White-toothed shrew

  (Redirected from Crocidurinae)

The white-toothed shrews or Crocidurinae are one of three subfamilies of the shrew family Soricidae.

Crocidurinae[1]
Temporal range: Miocene to Recent
Brehms - Crocidura russulus.jpg
Greater white-toothed shrew (Crocidura russula)
Scientific classification e
Kingdom: Animalia
Phylum: Chordata
Class: Mammalia
Order: Eulipotyphla
Family: Soricidae
Subfamily: Crocidurinae
Genera

see species list

The outer layer of these shrews' teeth is white, unlike that of the red-toothed shrews. These species are typically found in Africa and southern Europe and Asia. This subfamily includes the largest shrew, the Asian house shrew (Suncus murinus), at about 15 cm in length, and the smallest, the Etruscan shrew (Suncus etruscus), at about 3.5 cm in length and 2 grams in weight. Shrews are possibly the world's smallest extant mammal (although some give this title to the bumblebee bat). Crocidura contains the most species of any mammal genus.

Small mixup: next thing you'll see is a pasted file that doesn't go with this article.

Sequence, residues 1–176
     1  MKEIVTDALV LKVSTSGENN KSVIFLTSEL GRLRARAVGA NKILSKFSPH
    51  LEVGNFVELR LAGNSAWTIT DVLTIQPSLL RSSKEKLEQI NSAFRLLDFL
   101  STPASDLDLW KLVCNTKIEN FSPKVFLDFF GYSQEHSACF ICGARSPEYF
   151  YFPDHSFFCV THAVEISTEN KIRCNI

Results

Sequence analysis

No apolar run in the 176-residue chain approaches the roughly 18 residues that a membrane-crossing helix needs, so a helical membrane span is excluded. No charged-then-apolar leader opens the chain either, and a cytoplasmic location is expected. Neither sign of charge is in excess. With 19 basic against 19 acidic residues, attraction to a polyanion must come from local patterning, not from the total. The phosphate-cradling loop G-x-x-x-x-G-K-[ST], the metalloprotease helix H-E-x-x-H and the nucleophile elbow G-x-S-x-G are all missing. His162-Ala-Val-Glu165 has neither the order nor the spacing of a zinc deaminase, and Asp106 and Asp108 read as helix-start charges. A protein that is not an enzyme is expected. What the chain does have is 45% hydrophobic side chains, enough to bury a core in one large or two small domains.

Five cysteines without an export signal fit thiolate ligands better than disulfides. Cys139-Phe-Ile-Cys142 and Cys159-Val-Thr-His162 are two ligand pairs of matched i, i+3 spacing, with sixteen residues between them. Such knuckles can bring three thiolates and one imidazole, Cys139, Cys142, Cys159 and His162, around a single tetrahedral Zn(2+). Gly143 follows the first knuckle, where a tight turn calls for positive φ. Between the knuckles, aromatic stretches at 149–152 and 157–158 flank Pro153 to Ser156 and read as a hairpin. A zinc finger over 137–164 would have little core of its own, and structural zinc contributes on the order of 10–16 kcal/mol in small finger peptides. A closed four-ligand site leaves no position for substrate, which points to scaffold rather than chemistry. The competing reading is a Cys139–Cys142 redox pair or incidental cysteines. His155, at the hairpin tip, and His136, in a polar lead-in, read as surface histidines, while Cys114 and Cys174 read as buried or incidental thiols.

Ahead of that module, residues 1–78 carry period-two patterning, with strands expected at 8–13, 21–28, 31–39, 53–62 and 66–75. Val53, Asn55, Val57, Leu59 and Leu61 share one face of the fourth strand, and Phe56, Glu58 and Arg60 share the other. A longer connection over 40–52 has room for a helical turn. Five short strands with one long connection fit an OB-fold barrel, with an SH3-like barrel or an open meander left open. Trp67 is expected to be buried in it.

When young must be moved before they are independent, mother and young form a chain or "caravan" where each animal hangs on to the rear of the one in front. This behaviour has also been observed in some Sorex species.

List of speciesEdit

Subfamily Crocidurinae

See alsoEdit

ReferencesEdit

  1. ^ Hutterer, R. (2005). Wilson, D.E.; Reeder, D.M. (eds.). Mammal Species of the World: A Taxonomic and Geographic Reference (3rd ed.). Johns Hopkins University Press. pp. 224–263. ISBN 978-0-8018-8221-0. OCLC 62265494.
  2. ^ Hutterer, R.; et al. (May 2018). "A new genus and species of shrew (Mammalia: Soricidae) from Palawan Island, Philippines". Journal of Mammalogy. 99 (3): 518–536. doi:10.1093/jmammal/gyy041.